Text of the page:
A 10% saving in this scenario more than doubled your end balance, and a 20% saving more than tripled your end balance.

Most people have absolutely no clue of the power of compound interest. Albert Einstein once said:

Compound interest is the eighth wonder of the world. He who understands it, earns it…he who doesn’t…pays it.

This is the habit that is going to make the difference in your financial life and create lasting wealth. It will provide you with options, flexibility and ultimately, financial freedom. So you can take those regular overseas trips without worrying about dipping into retirement funds, you can pay for your children and grand children’s education expenses, you can go set up that charitable organisation that’s been on your mind for years. You can now do all of those things. The key? You need to put in the hard work, be patient, and disciplined. And you need to start early!

In the end the decision is yours. Think about your future, talk about your future, or do something about your future. Because without execution, your ideas aren’t worth much.

Life’s About More Than Money

Life's about more than money

I spend a bit of time on Twitter. It gives me good coverage of what’s going on in the world – super quick. Last night I came across this tweet from NAB:

I’m yet to work the technicalities of embedding tweets into this note, so you can watch the campaign by clicking on the video below:

Life’s about more than money. Said no bank ever. Bizarre, right? Notwithstanding, the ad is brilliant. So powerful. As a father of a two year old boy (pictured above), and with another little bundle of joy on the way, the ad resonates really strongly with me (it even raises a few hairs on the back of the neck). Well done NAB, hats off to you.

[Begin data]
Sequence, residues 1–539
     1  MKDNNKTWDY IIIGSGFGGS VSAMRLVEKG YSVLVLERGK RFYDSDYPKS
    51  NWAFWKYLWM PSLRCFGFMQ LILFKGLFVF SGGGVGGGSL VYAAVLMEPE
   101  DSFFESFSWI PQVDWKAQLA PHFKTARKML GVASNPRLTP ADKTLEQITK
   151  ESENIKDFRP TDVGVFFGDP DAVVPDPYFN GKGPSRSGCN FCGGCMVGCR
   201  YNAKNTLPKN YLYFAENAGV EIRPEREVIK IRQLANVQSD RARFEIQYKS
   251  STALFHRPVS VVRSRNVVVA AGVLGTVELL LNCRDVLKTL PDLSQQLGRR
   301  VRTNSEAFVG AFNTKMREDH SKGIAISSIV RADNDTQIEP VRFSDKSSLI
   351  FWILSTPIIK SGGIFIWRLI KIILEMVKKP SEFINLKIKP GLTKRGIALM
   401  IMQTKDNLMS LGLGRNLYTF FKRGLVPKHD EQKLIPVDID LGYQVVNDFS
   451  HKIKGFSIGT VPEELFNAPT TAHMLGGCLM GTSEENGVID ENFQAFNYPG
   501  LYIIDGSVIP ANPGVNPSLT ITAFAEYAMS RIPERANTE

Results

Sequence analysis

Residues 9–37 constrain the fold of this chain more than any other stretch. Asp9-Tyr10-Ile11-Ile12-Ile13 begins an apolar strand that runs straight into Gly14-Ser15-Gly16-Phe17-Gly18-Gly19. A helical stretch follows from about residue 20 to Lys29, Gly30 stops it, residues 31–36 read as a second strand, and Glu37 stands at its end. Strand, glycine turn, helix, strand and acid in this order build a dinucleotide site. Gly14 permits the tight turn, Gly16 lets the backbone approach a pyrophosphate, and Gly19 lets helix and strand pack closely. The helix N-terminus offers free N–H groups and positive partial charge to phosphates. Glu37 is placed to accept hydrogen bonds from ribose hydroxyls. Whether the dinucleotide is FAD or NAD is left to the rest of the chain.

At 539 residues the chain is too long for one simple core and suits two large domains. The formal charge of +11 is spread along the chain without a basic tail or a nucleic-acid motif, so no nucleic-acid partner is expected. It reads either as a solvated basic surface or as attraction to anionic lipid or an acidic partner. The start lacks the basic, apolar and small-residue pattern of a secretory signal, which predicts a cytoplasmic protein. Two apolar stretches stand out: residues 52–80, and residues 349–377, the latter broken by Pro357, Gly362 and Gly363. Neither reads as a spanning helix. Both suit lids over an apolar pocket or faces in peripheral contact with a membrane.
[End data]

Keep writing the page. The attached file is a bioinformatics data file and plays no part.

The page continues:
The voice over states that, on average, after 18 years, you spend $450,000 on your child with little or no financial return on your investment. So, why do people have children? Clearly, it’s not about the money. There’s more to it than that.

When I’m not on Twitter, I’m helping a few clients with their finances and investments. The most difficult part of my job, yet the most satisfying, is spending time uncovering their goals and aspirations. What’s their life is really about? What are their goals and why? What makes them happy?

If you think loads of money, fetching good looks, or the admiration of others will improve your life – think again. A study by the University of Rochester set out to determine which types of goals led to a happier life.

They interviewed a number of university students and asked them about their goals in life. They separated their responses into two groups; extrinsic or ‘profit’ aspirations and intrinsic or ‘purpose’ aspirations. Extrinsic aspirations were centered around becoming wealthy or achieving a certain look. Intrinsic aspirations were centered around growing as an individual, helping others improve their lives, and contributing to their community.

Over time, they tracked their progress. They found that those with purpose aspirations reported much higher levels of satisfaction and self-esteem about their lives. In fact, they also reported lower levels of anxiety and depression. On the other hand, those with profit aspirations weren’t any happier than when they were at university. These students also exhibited higher levels of anxiety and depression.

In his book Drive: The Surprising Truth About What Motivates Us, Daniel Pink interviewed the authors of this study, and here’s what they had to say:

“The typical notion is this: You value something. You attain it. Then you’re better off as a function of it. But what we find is that there are certain things that if you value and if you attain them, you’re worse off as a result of it, not better off.”

Failing to understand this conundrum — that satisfaction depends not merely on having goals, but on having the right goals — can lead sensible people down self-destructive paths. If people chase profit goals, reach those goals, and still don’t feel any better about their lives, one response is to increase the size and scope of the goals — to seek more money or greater outside validation. And that can “drive them down a road of further unhappiness thinking it’s the road to happiness.”